This shows that the size of the gap between the edge of the hollow electrode, on the one hand, and the substrate or substrate holder, on the other hand are of essential importance to the distribution of the potential in the area of the chamber filled by plasma. Since this gap constitutes the connection of the plasma to its surroundings, the size of the gap will decide whether the hollow electrode will act as an anode or a cathode of the arrangement. Experiments have shown that when the gap is enlarged by an amount of more than 2 mm, the effect increases with the consequence that a negative bias voltage is generated on the hollow electrode instead on the substrate. Such enlarged gaps, however, are practically unavoidable in continuous apparatus where the substrates are disposed on movable substrate holders. This applies especially when such substrate holders, while spaced apart, pass the opening of the hollow electrode. The, the width of this gap cannot be freely selected since this would require an extremely precise control of the substrate holders. The substrates, which can be on the surface of the holder, modify the gap width while they traverse the apparatus unless expensive provisions are made to use a different substrate holder for each substrate form and size into which the substrates are then lowered so as to be even with the surface of the substrate holder. This greatly reduces the range of application of the known principle.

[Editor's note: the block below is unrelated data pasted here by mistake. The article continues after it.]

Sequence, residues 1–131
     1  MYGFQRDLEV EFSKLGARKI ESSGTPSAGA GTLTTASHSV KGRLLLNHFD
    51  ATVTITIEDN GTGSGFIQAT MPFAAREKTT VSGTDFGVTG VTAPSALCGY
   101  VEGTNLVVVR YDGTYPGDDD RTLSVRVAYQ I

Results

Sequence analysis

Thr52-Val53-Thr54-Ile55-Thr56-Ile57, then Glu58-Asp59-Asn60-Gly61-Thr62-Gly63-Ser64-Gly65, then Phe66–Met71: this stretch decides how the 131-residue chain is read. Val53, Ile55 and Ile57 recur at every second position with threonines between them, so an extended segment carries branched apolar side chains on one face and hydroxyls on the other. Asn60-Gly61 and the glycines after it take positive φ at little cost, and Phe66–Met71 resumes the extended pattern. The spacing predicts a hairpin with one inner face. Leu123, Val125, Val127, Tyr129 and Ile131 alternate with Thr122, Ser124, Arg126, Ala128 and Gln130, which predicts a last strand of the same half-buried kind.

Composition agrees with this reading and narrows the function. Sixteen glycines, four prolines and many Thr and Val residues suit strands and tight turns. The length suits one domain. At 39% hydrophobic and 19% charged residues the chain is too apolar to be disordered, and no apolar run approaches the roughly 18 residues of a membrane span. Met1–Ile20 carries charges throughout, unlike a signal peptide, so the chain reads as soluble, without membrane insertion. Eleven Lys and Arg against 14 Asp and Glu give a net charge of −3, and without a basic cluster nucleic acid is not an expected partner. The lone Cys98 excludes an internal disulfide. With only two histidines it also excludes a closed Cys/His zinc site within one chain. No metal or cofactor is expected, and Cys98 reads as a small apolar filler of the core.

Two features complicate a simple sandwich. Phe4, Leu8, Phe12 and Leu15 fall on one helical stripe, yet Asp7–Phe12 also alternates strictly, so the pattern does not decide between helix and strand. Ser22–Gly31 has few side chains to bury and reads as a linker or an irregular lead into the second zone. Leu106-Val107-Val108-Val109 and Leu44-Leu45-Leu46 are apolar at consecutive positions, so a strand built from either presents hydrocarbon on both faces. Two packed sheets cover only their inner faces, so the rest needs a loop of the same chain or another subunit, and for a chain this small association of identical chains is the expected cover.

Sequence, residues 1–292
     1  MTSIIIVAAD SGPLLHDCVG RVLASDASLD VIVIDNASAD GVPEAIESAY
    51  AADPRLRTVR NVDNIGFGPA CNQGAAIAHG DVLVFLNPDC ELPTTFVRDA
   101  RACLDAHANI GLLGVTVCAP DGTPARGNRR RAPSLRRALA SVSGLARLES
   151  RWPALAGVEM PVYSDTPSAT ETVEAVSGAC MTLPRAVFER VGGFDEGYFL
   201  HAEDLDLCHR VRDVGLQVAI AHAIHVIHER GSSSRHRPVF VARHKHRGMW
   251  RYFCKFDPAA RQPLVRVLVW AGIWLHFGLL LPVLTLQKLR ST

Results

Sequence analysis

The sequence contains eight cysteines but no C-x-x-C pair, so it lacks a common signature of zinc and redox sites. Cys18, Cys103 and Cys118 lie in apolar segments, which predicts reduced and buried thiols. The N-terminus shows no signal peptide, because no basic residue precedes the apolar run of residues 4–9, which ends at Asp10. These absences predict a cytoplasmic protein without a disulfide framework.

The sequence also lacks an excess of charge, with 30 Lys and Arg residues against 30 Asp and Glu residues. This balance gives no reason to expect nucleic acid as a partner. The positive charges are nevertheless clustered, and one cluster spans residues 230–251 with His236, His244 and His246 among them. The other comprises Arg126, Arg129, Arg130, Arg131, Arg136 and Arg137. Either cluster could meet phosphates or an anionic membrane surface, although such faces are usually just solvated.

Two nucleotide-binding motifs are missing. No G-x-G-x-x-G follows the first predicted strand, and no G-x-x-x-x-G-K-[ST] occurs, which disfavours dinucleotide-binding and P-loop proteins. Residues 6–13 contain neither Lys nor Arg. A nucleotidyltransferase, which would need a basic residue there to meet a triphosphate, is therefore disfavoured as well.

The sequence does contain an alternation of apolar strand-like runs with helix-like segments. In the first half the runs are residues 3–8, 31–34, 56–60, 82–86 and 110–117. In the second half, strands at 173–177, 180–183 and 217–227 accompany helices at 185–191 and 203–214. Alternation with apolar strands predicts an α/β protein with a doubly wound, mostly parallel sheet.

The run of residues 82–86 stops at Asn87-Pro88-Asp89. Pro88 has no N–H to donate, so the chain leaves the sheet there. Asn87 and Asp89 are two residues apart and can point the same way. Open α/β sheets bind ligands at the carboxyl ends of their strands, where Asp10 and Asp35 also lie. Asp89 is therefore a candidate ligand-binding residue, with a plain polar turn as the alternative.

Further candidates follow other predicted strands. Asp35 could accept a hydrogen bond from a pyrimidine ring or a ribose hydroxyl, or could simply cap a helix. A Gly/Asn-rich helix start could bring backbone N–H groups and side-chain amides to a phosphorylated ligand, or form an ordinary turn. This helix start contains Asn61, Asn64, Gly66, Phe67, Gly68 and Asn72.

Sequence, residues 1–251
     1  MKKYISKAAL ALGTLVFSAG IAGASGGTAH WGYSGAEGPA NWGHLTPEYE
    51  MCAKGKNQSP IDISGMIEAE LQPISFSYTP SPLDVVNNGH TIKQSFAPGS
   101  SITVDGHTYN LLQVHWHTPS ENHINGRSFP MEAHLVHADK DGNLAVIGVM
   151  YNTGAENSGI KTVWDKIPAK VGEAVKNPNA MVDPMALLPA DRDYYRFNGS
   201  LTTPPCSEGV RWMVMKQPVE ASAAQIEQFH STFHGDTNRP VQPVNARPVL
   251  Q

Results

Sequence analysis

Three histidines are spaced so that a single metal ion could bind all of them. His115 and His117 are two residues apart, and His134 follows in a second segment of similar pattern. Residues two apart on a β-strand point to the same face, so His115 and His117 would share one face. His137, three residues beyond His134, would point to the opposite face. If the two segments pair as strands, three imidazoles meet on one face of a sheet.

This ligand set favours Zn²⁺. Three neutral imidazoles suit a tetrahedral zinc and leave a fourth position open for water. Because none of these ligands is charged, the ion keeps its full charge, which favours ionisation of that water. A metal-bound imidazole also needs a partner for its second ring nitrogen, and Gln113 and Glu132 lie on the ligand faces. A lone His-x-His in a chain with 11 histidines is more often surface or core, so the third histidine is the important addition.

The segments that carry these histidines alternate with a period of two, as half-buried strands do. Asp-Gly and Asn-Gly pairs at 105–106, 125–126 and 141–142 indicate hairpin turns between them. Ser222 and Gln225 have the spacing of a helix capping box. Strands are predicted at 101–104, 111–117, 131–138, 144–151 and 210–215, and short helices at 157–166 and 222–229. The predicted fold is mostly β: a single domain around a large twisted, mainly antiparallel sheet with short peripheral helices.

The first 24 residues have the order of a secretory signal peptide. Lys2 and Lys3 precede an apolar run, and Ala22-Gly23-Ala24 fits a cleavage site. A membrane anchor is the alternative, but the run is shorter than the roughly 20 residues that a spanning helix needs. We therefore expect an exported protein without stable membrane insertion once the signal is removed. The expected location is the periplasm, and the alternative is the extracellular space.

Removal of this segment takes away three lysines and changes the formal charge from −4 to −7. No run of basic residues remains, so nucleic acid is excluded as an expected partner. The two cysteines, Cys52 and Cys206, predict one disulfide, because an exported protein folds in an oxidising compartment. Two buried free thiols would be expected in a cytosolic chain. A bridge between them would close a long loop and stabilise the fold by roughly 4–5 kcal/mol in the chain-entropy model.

Further, an apparatus of the aforesaid kind is known (DE OS 36 06 959 A1) for the plasma treatment of substrates in a plasma discharge excited by high frequency and located between two electrodes to which power is also supplied by a high frequency source. The first electrode is configured as a hollow electrode, and the second one which carries a substrate is situated opposite of the first electrode and passes it. In this known arrangement, the hollow electrode is surrounded by a dark space shield and by an edge pointing in direction of the second electrode. Further, within the edge there are projections which are approximately on the same potential as the first electrode. Since this known arrangement does not allow a decoupling between radio frequency power and direct voltage power of substrate and plasma (selfbias=substrate bias voltage), the selfbias can only be influenced by modifying the radio frequency. Also, when the power of the radio frequency is reduced, the deposition rate also decreases which often impairs the quality of the substrate.